Lung Cancer Awareness Month is observed in November to promote lung health and decrease the occurrence of lung cancer.
Lung cancer is a disease in which certain cells in the lungs become abnormal and multiply uncontrollably to form a tumor. It occurs most often in adults in their sixties or seventies. In the United States, it is estimated that more than 221,000 people develop lung cancer each year. Approximately 72 to 80 percent of people who develop lung cancer have a history of long-term tobacco smoking; however, the condition can occur in people who have never smoked. Lung cancer is the leading cause of cancer deaths, accounting for an estimated 27 percent of all cancer deaths in the United States.
Lung cancer occurs when genetic mutations build up in genes that control cell growth and division or the repair of damaged DNA. These changes allow cells to grow and divide uncontrollably to form a tumor. In nearly all cases of lung cancer, these genetic changes are acquired during a person's lifetime and are present only in certain cells in the lung.
Researchers have identified many personal and environmental factors that contribute to a person's risk of developing lung cancer. The greatest risk factor is long-term tobacco smoking, which increases a person's risk of developing lung cancer 20-fold. Other risk factors include continued exposure to air pollution, radon, asbestos, or secondhand smoke, or long-term use of hormone replacement therapy for menopause. Exposure to these cancer-causing compounds (carcinogens) increases the rate at which genetic mutations occur, which can ultimately lead to the growth of a tumor. Having a history of lung disease, such as tuberculosis, emphysema, or chronic bronchitis, is also associated with an increased risk of lung cancer.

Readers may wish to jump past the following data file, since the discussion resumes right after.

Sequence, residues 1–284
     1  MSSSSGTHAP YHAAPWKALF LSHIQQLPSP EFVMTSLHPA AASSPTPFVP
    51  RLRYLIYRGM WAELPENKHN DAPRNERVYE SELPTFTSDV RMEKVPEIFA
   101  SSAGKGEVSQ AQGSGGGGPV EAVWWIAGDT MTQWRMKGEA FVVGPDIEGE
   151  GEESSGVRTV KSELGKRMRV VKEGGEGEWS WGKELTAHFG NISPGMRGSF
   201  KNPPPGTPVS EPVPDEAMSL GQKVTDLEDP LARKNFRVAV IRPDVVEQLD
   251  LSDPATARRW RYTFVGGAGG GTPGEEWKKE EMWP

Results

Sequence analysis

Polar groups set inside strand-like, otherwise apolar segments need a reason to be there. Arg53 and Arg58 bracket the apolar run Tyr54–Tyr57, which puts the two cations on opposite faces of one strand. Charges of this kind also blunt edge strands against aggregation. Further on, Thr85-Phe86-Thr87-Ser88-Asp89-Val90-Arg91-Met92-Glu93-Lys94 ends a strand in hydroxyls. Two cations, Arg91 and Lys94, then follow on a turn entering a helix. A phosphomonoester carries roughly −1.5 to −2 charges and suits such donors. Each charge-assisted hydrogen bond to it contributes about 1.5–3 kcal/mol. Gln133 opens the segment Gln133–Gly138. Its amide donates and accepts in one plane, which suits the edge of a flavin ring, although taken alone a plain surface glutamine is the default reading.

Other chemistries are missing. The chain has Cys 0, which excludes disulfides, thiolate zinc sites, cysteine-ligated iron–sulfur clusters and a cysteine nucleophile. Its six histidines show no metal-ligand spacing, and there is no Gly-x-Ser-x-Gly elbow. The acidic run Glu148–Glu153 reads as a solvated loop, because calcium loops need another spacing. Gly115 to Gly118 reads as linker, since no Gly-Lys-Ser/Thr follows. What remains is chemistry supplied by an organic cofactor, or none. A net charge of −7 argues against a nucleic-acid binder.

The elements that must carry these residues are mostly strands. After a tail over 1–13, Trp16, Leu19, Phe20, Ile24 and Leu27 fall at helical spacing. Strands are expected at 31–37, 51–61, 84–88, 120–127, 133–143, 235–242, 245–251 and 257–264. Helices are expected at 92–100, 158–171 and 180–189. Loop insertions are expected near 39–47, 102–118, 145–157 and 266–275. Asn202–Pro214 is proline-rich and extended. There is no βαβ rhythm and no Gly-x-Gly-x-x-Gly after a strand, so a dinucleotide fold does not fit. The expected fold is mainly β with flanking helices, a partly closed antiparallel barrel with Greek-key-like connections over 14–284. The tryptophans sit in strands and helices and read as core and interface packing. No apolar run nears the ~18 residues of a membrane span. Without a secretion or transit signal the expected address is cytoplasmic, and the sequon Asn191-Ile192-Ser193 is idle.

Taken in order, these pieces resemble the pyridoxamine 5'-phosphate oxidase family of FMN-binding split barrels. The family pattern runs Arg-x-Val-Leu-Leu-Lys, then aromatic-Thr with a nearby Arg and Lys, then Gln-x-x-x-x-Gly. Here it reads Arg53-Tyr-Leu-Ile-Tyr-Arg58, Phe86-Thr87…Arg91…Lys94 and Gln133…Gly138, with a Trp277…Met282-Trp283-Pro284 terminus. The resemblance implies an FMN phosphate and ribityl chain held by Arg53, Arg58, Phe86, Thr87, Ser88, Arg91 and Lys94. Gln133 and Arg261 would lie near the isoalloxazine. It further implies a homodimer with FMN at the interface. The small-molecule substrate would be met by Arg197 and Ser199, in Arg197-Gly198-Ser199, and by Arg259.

During Lung Cancer Awareness Month and beyond, individuals can promote lung health and decrease their risk of developing lung cancer by adopting a few lifestyle habits, including not smoking and avoiding secondhand smoke and other unhealthy air.